Sycamore tree

see me see me
by the sycamore tree
each child a propeller
sorry each child has a
propeller & is throwing
it up  & the dead seeds
spin & spin & spin & they
shriek my little ones & pick up another
one & another one  & spin & spin
& spin  sorry I was right
at the beginning each child
is a propeller & I
stand at th still point on
th warm path  & th world
spins round me shouting
& whoopin & spittin
its ends tied up in its
beginnings  & bits & pieces
lost in th spinning &
I know you’re watching
from your house by th path
with a desk by th window
today we’ve stopped
right n front f you
but I can’t move th childrn on
    not while they’re spnning
like littl propellers  like
lttl worlds
fallin ove & gulpin &
laughin & spinnin again  &
I kno you’re watching & the kids
kno too  there’s
the witch they say turns us in-
to stories  and
I see you where th light
settles inside th glass
    & I have no idea
what it is you write but I
wish I could see
those whol words  those
complete sentnces laid out
neatly on a page like
seedlngs in soil  with all
their beginnings & end-
ings  & tendril possibilities
curling into th air
into th cavities of walls
th attic  th roof
I can  shh  hear th hush
around you  snf  smell th
coolness of yr room and how
I long for th feel of that pen in my hand
     I pick up & I pick up
a handful of seeds throw
them highr than th childrn
cn go faster than th childrn cn
go  & th children whirling
fall ove themslves &
ove me  & they shriek & they
shrk  do it agn do it agn!  &
I’m maddened with
th spinnin  & th shriekin
& th sun & th warm path
& th seeds n my hands  &
th vegetable love
I hav for thm  & I want nothing
els nothing else wll do
but something
happens wth th sun coming
throu th leaves  & fallng
on th glass & I see
your face in th window lit
from brow t chin  stretchd
in its own wild shriek
not bent ove your writin
desk bt lookin at th
children there  lookin
at th turning children
there  &
I throw the  sycamore seeds
one mor time as high
as hi  as hi  as   they    can
go    &  I wish


Image of Mary MccallumMary McCallum is a poet, novelist, editor and publisher, who lives in Wellington and the Wairarapa. She was born in Zambia in 1961 and emigrated to New Zealand at the age of four. She studied at Victoria University of Wellington, including a Masters in creative writing, worked as a broadcasting journalist, bookseller, book reviewer and creative writing tutor and has been publishing poetry in journals since the 1970s, when she won the PEN Young Writer of the Year Award and was commended in the Denis Glover Award. More recently she has received the Louis Johnson Bursary, Lilian Ida Smith Award and Caselberg Trust International Poetry Prize, and has won two Montana New Zealand Book Awards for her debut novel The Blue.  Mary has also published a children’s novel, Dappled Annie and the Tigrish (Gecko Press) and, under her own imprint, a chapbook The Tenderness of Light and a full collection XYZ of Happiness. She is the director of two Wellington presses: The Cuba Press and Mākaro Press.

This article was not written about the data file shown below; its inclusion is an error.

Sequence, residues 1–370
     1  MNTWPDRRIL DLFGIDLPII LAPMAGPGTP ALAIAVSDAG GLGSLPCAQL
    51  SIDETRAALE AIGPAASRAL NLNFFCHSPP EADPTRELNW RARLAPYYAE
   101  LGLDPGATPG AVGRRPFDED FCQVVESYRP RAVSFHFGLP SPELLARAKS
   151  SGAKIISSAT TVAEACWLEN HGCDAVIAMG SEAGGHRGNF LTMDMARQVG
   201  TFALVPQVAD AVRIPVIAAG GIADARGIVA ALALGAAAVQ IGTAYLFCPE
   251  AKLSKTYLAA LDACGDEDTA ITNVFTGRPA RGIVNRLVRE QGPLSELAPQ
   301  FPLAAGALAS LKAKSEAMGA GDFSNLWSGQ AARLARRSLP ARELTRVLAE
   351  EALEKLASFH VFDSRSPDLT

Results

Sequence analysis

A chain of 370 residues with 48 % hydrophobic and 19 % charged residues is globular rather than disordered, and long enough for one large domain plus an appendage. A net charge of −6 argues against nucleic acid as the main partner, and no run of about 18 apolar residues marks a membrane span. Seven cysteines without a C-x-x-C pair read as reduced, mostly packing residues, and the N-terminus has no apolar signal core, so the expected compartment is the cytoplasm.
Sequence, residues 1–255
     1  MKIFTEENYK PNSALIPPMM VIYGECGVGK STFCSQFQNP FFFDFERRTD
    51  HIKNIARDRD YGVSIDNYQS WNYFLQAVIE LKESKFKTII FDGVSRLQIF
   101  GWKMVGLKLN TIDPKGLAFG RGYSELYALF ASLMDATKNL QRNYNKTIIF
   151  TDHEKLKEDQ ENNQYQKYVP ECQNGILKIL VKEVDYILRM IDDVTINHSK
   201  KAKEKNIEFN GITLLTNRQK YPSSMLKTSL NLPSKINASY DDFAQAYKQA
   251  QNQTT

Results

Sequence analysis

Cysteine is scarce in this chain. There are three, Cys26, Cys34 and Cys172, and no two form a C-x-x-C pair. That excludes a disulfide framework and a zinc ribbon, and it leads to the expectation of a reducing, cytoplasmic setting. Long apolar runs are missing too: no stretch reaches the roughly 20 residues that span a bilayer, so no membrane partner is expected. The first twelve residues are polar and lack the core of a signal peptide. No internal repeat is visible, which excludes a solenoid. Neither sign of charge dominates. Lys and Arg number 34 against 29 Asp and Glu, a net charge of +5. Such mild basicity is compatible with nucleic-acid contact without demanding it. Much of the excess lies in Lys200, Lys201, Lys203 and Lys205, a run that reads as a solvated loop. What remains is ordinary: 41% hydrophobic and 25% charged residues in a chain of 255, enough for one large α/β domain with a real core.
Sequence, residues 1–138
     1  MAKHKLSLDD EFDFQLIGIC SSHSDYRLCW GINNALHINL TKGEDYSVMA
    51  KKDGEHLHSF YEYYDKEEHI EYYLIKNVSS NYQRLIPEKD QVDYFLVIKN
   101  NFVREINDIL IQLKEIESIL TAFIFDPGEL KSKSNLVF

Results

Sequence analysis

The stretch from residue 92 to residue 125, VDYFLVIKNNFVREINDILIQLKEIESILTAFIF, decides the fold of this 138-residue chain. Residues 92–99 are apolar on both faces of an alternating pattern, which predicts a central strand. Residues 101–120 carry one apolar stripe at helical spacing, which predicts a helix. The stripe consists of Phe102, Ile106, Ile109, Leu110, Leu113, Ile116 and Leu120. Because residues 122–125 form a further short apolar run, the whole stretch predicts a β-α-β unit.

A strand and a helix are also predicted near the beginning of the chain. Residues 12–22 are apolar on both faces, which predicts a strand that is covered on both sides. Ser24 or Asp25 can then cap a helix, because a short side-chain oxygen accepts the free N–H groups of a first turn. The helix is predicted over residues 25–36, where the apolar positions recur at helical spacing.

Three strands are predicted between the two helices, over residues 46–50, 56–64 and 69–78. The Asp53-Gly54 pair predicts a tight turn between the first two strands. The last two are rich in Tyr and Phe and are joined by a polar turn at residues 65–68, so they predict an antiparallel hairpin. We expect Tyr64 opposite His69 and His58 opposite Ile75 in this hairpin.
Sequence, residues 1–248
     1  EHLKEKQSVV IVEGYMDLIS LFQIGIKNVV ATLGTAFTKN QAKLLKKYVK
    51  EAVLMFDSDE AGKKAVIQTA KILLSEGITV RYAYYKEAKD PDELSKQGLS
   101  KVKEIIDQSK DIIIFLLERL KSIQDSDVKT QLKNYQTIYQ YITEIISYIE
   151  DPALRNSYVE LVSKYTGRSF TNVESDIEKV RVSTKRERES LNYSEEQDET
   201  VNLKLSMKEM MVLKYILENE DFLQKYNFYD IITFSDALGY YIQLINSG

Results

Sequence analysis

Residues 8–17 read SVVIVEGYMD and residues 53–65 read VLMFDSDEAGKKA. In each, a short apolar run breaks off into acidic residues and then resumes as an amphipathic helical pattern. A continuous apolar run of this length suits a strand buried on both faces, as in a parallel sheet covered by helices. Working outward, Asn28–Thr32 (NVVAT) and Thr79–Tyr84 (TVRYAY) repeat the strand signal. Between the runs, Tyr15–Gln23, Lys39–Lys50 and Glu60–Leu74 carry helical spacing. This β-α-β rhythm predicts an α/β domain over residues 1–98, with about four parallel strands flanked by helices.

McCallum comments: The sycamore tree was in the lane where I lived about twenty years ago when my children were small and I wrote the poem. On our way home in autumn, we’d throw the seed pods in the air and watch them spin, and we’d spin trying to catch them. There was a house with a study that looked onto the lane right by the sycamore tree. I’d see a woman in there writing at a desk by the window and my heart would skip a beat. I was a writer too. I’d been writing poems and stories ever since I learned to write at the age of four. As a teenager, I’d entered competitions and sent poems off to publications. I won a PEN award, got into a couple of anthologies and was runner-up in a prize named after a famous poet. Then my whole world spun and settled back differently on its axis when I was accepted by a young university lecturer and poet called Bill Manhire for his Original Composition class at Victoria University.

After I graduated I got busy working as a journalist, travelling overseas and then starting a family. My poems piled up untidily in biro-scrawled notebooks, typewritten manuscripts, and eventually computer folders. I felt I didn’t have the time to polish them or send them off. While the woman in the window had words at her fingertips, mine were spinning away from me, lost in breathlessness as I spun with my children, lost inside a crowded mind, lost inside the filing system in my house. And this was both wonderful and terrible. For I would never have given up what my children gave me – the daily reminder that love matters most, that living in the moment and engaging with the physical world and not measuring everything by the clock are critical to our wellbeing as humans, that chaos is only a turn away, and words can be on the edge of that chaos, just out of reach and breaking apart. But it is a terrible terrible thing for a writer not to be a part of finding those words, and remaking and rearranging them to tell a new story. You feel it is what you were born to do. 

Twenty years on, my children have grown up and left home and I guess I’m the woman at the writing desk now, or almost. I am certainly writing more, and more of my work is being published – including Sycamore Tree – but still not enough, never enough. For, and I realise this only now, aren’t I always going to be that person caught up in all the spinning?’

​Poem source details >

Mākaro Press: XYZ of Happiness
Mary’s Book Council profile
Unity Books interview
Penguin Books author profile
Radio New Zealand interview
Off The Tracks interview
Wikipedia entry